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Cessna 340

The Aircraft and Owner

The aircraft is a 6 seat twin engine Cessna 340A. Owned by a private businessman, the aircraft often flies Calgary-Kelowna routes for business. The aircraft was a prime candidate for numerous upgrades as it had stock 'steam gauges' and old avionics.

The Need

The main benefit was fulfilling a need of improved reliability and situational awareness for single pilot IFR flights over the mountains.

The Maxcraft Solution

Based upon owner usages of the aircraft, Maxcraft recommended the following equipment solutions:

  • Garmin G500 Flight Display
  • GTS800 Traffic System
  • GTN650 GPS/NAV/COM
  • ADF
  • DME
  • Low Thrust Detector System
  • New instrument panel with Maxpanel Duracoat finish

 

The Story

The owner went with a number of equipment upgrades forming a relatively large task list in comparison to most general aviation installs. One of benefits of doing a comprehensive upgrade like this is that the layout is planned for all the equipment going in. With this level of planning we are able to maximize use of panel space, allowing for optimal placement of equipment while at the same time accommodating any input received on pilot/owner preferences.

 

In a night and day comparison between old and new layouts the impeccable attention to detail is clearly evident, as is a modern fit and finish which cannot normally be achieved through incremental upgrades.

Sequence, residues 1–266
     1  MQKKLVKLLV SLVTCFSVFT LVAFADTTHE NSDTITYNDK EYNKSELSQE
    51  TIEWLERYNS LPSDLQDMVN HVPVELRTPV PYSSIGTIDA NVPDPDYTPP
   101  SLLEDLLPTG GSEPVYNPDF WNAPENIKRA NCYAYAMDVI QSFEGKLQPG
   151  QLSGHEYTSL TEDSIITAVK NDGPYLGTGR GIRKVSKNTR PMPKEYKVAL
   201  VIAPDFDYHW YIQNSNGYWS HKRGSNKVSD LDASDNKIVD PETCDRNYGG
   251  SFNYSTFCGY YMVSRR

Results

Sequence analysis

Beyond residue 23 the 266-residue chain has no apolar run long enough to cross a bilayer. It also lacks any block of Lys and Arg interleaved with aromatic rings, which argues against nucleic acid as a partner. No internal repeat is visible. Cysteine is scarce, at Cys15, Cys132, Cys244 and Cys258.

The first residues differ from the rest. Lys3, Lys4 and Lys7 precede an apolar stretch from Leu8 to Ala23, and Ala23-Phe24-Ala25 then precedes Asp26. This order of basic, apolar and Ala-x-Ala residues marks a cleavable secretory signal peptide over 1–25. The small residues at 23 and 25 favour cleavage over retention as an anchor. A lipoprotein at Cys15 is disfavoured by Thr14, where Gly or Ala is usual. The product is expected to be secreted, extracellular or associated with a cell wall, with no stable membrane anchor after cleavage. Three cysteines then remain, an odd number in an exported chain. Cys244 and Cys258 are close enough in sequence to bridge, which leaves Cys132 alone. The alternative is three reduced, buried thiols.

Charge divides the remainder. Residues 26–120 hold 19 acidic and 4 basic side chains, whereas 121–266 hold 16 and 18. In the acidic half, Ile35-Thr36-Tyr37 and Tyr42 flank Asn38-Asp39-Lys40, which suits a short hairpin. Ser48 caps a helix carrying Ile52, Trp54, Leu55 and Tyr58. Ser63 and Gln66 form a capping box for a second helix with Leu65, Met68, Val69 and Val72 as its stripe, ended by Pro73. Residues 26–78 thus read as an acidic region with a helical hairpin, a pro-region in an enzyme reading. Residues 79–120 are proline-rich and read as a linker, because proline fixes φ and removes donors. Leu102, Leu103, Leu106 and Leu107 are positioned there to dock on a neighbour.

Before

Cessna 340 -Before

Cessna 340 -After

  

  

  

  

  

  

  

  

  

  

                                                                                                                           After

Overall the upgrade / installation went as expected in accordance with good planning, professional workmanship, and excellent teamwork. However, there were a few unexpected issues which did crop up with each needing to be identified, troubleshot, and repaired.

  

One such issue was an unserviceable EGT (exhaust gas temperature) probe. We swapped the suspect EGT probe to the #3 cylinder, and then ran the engine confirming which probe failed. We replaced the probe and the engine monitor ground tested serviceable.

  

There were some latent autopilot issues discovered during system integration with some of the problems being far more systemic than anticipated. However, the autopilot was eventually trouble-shot, repaired, fine-tuned, and integrated with new systems for full GPS Steering capability.

  

A few loose ends were tied up when the intermittent prop sync was found to be caused by the wiring at the R/H engine prop governor chafing with cowling/baffling, with the wiring broken at the prop governor connector. For the final touch, a glare shield mounting screw on the copilot side was installed to match a pilot side screw beside the standby altimeter

  

At the end of the day, the completed aircraft left Maxcraft with an exemplary panel decked in top notch equipment and a fine-tuned autopilot configured with full GPS Steering capabilities.